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The Harwell TMG Stirling engine, an abbreviation for "Thermo-Mechanical Generator", was invented in 1967 by E. H. Cooke-Yarborough at the Harwell Labs of the United Kingdom Atomic Energy Authority. It was intended to be a remote electrical power source with low cost and very long life, albeit by sacrificing some efficiency. The TMG (model TMG120) was at one time the only Stirling engine sold by a manufacturer, namely HoMach Systems Ltd., England.
Additional recommended knowledge
The engine has near isothermal cylinders because 1) the heater area covers the entire cylinder end, 2) it is a short stroke device, with wide shallow cylinders, yielding a high surface area to volume ratio, 3) the average thickness of the gas space is about 0.1 cm, and 4) the working fluid is Helium, a gas having good thermal properties for Stirling engines.
The engine's displacer also has very low losses. These low-loss operating characteristics simplify the engine analysis, compared to more conventional Stirling engines.
The design has many advantages over conventional Stirling engines. The simplicity of the heater greatly reduces the cost by allowing the TMG to avoid the need for a brazed tubular or finned heater, which can account for 40% of the cost of a conventional Stirling engine.  The heat exchangers for the heater and cooler are mechanically trivial. The regenerator is a simple annulus, referred to as a "flat plate". Along with the cylinder wall and the displacer, there are a total of four regenerating surfaces. The TMG is a free piston engine. There are no rolling bearings or sliding seals, thus there is very little friction or wear. The working space is hermetically sealed, allowing it to contain pressurized helium gas for many thousands of hours.
The displacer is a stainless steel can, 27 cm in diameter. It is suspended by a low-loss planer metal spring centered in a 27.4 cm diameter cylinder. The 2 mm radial clearance is divided into two concentric annular gaps by a thin, open-ended cylinder, which is fixed to the engine's cylinder. This annulus acts as the regenerator, which is much less costly than a wire-mesh type.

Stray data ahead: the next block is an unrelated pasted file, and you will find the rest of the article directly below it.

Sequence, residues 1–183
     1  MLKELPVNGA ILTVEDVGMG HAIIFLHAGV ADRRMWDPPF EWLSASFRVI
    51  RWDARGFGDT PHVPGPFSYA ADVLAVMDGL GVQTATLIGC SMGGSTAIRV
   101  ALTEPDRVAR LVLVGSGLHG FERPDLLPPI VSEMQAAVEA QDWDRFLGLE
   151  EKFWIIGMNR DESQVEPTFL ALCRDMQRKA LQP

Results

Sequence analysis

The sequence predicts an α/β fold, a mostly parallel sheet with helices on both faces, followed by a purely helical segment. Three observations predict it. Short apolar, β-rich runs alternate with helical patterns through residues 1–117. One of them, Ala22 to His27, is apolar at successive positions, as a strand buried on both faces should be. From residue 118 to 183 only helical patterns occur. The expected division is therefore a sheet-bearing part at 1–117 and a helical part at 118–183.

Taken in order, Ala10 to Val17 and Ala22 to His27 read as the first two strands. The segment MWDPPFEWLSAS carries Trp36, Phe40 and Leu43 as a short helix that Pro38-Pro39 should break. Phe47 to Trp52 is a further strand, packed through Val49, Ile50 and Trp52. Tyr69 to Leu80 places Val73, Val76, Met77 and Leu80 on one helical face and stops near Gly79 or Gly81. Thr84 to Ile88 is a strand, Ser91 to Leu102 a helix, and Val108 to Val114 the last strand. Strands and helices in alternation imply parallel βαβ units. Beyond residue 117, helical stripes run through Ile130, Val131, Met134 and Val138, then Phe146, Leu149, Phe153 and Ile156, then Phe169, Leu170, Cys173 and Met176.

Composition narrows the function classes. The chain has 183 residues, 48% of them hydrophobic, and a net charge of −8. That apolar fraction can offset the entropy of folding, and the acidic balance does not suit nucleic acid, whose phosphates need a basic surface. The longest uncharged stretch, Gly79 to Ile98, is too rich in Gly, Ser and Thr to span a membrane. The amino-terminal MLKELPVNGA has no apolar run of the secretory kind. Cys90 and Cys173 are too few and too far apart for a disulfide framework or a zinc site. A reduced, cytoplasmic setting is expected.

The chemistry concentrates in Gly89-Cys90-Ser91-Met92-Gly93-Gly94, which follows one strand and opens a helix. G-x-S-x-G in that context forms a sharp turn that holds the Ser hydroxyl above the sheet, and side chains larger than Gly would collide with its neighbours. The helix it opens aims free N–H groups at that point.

The engine is a "free-cylinder" design, in which the entire engine is mounted on springs and allowed to vibrate slightly. This allows the displacer to be driven by positive feedback from the motion of the power piston and the magnets in the linear-alternator magnets, which have a combined weight of 10 kg.
The unique power piston was invented by Cooke-Yarborough, and is called an "articulated diaphragm". It consists of a stainless steel annulus, with an outer diameter of 35 cm and an inner diameter of 26 cm. This annulus is clamped to the engine on the outer edge by two flexible rubber o-rings, and on the inner edge it is similarly clamped, in this case to a rigid center hub that makes up the piston's center. The o-rings flex but do not slide, thus no lubricant is needed and there is negligible wear in the entire machine.
The compression space is located between the power-piston hub and the displacer, and this space is cooled by direct conduction through the power piston. A developmental model of the TMG contained a double articulated diaphragm containing cooling water, which was pumped by a thermosyphon. The depth of the compression space varies from 0.2 to 2.7 mm, as governed by the 2 mm displacer stoke and the 1.5 mm power piston stroke moving 90 degrees out of phase.
The TMG engine successfully overcomes many of the economic and mechanical difficulties common in conventional Stirling engines. However, there are some limitations of this design. The simple, low-cost annular regenerator is inefficient compared to other types, (and this contributes to this engine's somewhat low thermal efficiency of only 10%). The mechanical limitations of the articulated diaphragm only allow a maximum stroke of an estimated 3 mm. These properties limit the maximum obtainable power to about 500 - 1000 Watts from an engine of this design. Nevertheless, it is rare for a low-cost Stirling engine to obtain this high level of reliability and operating life, which can only be attributed to the ingenuity of the design.
|This article is licensed under the GNU Free Documentation License. It uses material from the Wikipedia article "Thermomechanical_generator". A list of authors is available in Wikipedia.|